According to legend, the source of the Zhiben hot springs was discovered by the Puyama people, but not until later during the Japanese colonial period did major development begin. The rise of the local hot spring industry began when the Japanese laid pipelines to channel the hot spring water to sanatoriums and public baths. The hot spring industry in Zhiben began to grow after Taiwan’s retrocession ended, causing an influx of hotels. Many of the hotels have added hydrotherapy, spa facilities, massage pools, and herbal baths for water recreation, sports, and bathing enjoyment.

Jiaoxi Hot Spring Area

Fed by rainwater that has seeped down into subterranean rock, Jiaoxi is one of only a few lowland hot spring sites in Taiwan. Its water is heated by magma remaining from a volcanic eruption on Guishan (Turtle) Island thousands of years ago. Jiaoxi’s hot spring industry dates back to the Japanese colonial era (1895-1945). The hot spring spas here have preserved Jiaoxi’s traditional ambiance, but with a more modern emphasis on health and fitness. Offering visitors a wide range of bathing options, Jiaoxi is a traditional hot spring area with a new face. Irrigated with nutrient-rich spring water, the locally grown vegetables are another great reason to visit Jaioxi. With support from the Jiaoxi Township Farmer’s Association, the local farmers have made hot spring vegetables one of the specialty items of Jiaoxi.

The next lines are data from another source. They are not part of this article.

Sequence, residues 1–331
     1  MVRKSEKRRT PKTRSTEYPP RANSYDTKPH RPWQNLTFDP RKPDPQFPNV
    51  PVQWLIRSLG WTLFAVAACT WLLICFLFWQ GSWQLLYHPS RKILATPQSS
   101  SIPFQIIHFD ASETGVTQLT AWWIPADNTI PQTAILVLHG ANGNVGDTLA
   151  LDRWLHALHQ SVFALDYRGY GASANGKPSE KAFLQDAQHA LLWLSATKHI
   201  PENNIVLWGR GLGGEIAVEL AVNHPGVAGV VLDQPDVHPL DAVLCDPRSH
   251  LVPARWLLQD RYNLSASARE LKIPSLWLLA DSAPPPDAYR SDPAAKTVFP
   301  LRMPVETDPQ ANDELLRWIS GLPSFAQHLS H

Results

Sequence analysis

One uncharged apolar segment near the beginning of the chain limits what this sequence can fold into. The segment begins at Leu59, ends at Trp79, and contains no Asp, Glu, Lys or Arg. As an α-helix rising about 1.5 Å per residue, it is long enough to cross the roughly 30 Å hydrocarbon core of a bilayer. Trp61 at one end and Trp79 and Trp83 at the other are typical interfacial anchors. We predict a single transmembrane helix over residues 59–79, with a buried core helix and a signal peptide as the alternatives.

Yangmingshan Hot Spring Area

Most of the springs in Yangmingshan are located in Liuku and Qiku, on the west side of Shamao Mountain, where you will find many bathhouses. The places to take hot spring baths include Yangminshan National Park, Lengshuikeng, Macao and Gengzieng. However, due to frequent volcanic activities, each spring contains different minerals. Consequently, each hot spring is unique in water quality and temperature.